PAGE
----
NWSS | 07.16 - 07.19 | OR

Sunday, July 19

Hickster & Friends NWSS 2009
Sunday began with my second helping of Crunchy Western Boys, and it was a great chance to soak up their sunshine again. Morris Manning (guitar, dobro), Jim McHugh (mando, guitar), Jacob Stern (fiddle) and Dave Walker (bass) have meaty instrumental chops and breezy, sly pens. As folks rubbed the sleep out of their eyes, they set the stage for the last day of festival with winking grins and a twist of Irish coffee. With tunes like "Bathtub Gin" (no, not the Phish song, this one is straight from the backwoods) and "Natural Blonde," they have a touch of the bawdy barfly in them, coupled with their amiable, folksy charms, that draws you in with a crooked index finger. Readers, take note.

After an early service (hey, 11 a.m. is early for a festival!) with CBW, it was time to be received in the church of Burle. Hickster's lineup this year proved to be somewhat of a Superjam warm-up with Beck (dobro) Book (bass, Infamous Stringdusters) and Law (guitar) rounding out the band, and Kartsounes (guitar) and Hoffman (mando, Greensky) jumping in on a few tunes. Benny "Burle" Galloway's work has found its way into many bands' catalogues over the years but he himself is a perpetual spotlight shunner. He's got a little Townes and Woody in him, as his songs saunter in straight from the oil fields, production lines and bar room floors, unwashed and dressed in simple clothes, rumbling with hunger but with no appetite for bullshit or pretension. But, there's a tenderness in that leather and songs like "Me and You," which he wrote for his daughter, and "Years with Rose" can't help but nestle in your heart. He kept bringing good company to that table, too. Julie Stratton joined the band, an arresting storm with her gutsy guitar and raw, passionate vocals on "Revival." I don't know where she came from, but damn, I got to investigate more. "That's my kind of religion," Burle happily growled at the end.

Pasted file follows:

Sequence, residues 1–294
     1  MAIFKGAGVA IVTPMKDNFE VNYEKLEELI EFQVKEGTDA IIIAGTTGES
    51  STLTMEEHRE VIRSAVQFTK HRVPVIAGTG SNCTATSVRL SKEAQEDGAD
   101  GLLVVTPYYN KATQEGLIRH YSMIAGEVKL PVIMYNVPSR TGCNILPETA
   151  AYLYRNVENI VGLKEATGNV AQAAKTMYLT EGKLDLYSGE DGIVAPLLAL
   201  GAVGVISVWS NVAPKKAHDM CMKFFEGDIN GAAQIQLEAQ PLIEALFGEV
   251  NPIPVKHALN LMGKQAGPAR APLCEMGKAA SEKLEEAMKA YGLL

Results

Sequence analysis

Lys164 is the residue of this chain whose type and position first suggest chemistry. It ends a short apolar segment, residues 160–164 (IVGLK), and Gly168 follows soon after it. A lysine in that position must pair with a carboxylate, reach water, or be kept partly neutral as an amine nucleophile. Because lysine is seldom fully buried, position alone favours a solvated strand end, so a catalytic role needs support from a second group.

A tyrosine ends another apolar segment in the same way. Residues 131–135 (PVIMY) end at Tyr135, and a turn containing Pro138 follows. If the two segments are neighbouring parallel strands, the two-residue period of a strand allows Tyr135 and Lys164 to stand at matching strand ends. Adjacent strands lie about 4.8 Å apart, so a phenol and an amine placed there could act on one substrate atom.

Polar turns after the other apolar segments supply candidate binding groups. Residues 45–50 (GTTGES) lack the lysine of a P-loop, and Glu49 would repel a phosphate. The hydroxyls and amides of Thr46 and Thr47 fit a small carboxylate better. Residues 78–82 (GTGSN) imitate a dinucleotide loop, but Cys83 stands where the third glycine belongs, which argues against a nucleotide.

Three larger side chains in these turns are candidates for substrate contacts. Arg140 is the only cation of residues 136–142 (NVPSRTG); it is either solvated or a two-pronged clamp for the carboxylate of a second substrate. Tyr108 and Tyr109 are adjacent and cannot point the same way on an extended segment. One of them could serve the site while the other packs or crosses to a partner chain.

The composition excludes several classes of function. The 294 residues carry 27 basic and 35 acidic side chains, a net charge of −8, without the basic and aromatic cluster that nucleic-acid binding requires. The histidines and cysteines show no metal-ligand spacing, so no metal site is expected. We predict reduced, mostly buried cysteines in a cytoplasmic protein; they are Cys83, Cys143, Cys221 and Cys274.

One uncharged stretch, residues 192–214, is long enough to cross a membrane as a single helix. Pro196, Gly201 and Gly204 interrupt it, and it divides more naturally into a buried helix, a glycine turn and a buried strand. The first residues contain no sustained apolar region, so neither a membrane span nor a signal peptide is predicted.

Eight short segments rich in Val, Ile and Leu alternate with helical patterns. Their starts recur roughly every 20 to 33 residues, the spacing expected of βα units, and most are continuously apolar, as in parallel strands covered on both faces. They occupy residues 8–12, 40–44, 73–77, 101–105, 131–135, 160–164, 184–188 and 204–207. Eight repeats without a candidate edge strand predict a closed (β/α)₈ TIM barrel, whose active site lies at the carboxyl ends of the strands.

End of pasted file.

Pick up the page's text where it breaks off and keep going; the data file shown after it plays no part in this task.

Abalone Dots :: NWSS 2009
Joining in on backup with Kilroy and Bevin Foley (fiddle) on "Wind in the Willows" and "Three Men on a Hill," Galloway was leading quite the revival of his own. Beck waved his hands, eliciting a "Hallelujah" as Galloway preached us a sermon, er, well a story about the Denver Post calling him. He chatted to the salesman for a while and then, growing tired of the sales pitch, lied and said he couldn't read, asking, "Now can I get back to my beer?" Amen, Brother Burle. Closing the set with a lovely "Gentle on My Mind," Burle's battle-scarred voice in this well-loved tune made me misty.